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Flagpost is a blog on current issues of interest to members of the Australian Parliament

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What is a census-able way to run a census?

This is part of a series of FlagPosts exploring what the Census is, why it’s important, how other countries run censuses and what the alternatives—either officially proposed or informally discussed—may be (Part 1: Potential changes to the Australian Census: could it kill the goose that lays the statistical golden egg?). Read more...

ABS Labour Force revisions: a botch job or short term pain for long term gain?

Prior to releasing the September Labour Force Survey (LFS) results this month, the Australian Bureau of Statistics (ABS) announced they were taking the unusual step of dropping the seasonally adjusted Labour Force estimates for July, August and September. Many users of the monthly survey results have since expressed concern about the quality and reliability of the estimates. Some of the commentary has suggested the recent issue with the estimates was due in part to budget cutbacks to the statistics agency. However, the recent volatility in the seasonally adjusted estimates is more likely to be associated with the changes the ABS has made to the LFS program rather than any budget pressures th... Read more...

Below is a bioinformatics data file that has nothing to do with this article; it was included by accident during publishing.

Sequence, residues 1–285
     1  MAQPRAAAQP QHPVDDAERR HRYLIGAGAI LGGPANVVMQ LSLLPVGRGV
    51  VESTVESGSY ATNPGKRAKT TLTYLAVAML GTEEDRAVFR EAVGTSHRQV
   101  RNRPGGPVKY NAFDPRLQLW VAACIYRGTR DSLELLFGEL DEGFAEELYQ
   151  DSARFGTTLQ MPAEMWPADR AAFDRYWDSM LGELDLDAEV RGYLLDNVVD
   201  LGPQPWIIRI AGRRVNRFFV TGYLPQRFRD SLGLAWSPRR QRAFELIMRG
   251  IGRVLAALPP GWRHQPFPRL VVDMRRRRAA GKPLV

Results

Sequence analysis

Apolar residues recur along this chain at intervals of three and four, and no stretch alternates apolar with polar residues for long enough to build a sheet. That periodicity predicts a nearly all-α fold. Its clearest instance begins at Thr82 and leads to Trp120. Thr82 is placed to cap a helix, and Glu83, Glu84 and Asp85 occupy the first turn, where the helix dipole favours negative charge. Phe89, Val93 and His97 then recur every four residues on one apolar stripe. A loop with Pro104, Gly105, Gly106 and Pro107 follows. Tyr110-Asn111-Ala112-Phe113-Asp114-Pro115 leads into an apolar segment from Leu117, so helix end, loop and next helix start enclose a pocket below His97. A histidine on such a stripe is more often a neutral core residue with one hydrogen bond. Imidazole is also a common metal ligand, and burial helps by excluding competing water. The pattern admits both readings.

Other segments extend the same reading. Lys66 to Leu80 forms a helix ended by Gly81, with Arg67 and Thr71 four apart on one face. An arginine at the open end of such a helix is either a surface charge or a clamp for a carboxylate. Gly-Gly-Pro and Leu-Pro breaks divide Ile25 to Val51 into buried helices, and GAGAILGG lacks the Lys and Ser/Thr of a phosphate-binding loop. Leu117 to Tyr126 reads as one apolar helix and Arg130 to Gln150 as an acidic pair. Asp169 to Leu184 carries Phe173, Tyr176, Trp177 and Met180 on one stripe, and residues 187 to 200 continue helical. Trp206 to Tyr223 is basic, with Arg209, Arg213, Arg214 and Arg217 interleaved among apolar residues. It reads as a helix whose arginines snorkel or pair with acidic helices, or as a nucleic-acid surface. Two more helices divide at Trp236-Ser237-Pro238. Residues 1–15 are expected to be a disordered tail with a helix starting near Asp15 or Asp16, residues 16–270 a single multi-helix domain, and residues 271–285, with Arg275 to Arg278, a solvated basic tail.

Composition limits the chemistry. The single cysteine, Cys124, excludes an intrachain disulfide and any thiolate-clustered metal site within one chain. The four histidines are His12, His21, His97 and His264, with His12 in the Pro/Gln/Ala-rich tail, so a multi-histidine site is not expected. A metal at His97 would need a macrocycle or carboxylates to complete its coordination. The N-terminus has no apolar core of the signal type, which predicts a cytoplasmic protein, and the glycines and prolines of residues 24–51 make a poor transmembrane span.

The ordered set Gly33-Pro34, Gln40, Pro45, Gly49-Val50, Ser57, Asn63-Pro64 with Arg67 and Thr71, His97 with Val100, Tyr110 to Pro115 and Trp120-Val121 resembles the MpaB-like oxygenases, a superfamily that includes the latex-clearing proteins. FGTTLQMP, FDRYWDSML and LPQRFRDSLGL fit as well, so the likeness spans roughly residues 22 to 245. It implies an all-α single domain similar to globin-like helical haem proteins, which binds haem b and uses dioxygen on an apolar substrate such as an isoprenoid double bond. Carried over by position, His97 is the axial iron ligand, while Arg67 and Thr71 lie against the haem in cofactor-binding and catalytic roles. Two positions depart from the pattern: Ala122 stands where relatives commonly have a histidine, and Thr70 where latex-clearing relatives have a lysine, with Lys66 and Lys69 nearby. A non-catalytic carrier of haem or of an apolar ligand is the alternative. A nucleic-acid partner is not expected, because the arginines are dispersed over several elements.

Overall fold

Youth unemployment rates in small geographic areas - 2013

The Australian Bureau of Statistics (ABS) recently changed the dissemination of regional data from the monthly Labour Force Survey to reflect a new geographic standard. The Labour Force Survey is a key source of data on employment, unemployment, the labour force and associated rates and ratios.  Read more...

Retirement intentions and labour force participation by older workers

On 9 December 2013, the Australian Bureau of Statistics (ABS) released the results of its 2012–13 survey on retirement and retirement intentions. The data collected by the survey provides information on retirement trends, the factors which influence decisions to retire, and the income arrangements that retirees and potential retirees have made to provide for their retirement. Another indicator of retirement behaviour is the participation by older workers in the labour force.Labour force participation amongst older workers has increased significantly over the past 15 years, particularly among females (Figure 1). The decision to retire is an important factor in understanding whether such an in... Read more...

Australians eat poorly, are overweight and unfit: but it’s not all bad news

The Australian Health Survey, a regular survey of Australia's health, shows that most Australian adults have a poor diet, are either overweight or obese and don’t get enough exercise. These unhealthy habits put us at greater risk of a range of adverse health outcomes including the development of serious diseases such as diabetes and heart disease.The first results, released by the Australian Bureau of Statistics on 29 October 2012, cover health status, health risk factors and long term health conditions. Results to be released later will cover health service use, more detailed information on dietary intake, physical activity and sedentary behaviour, biomedical health measures, and representa... Read more...

Small business - 2011 profile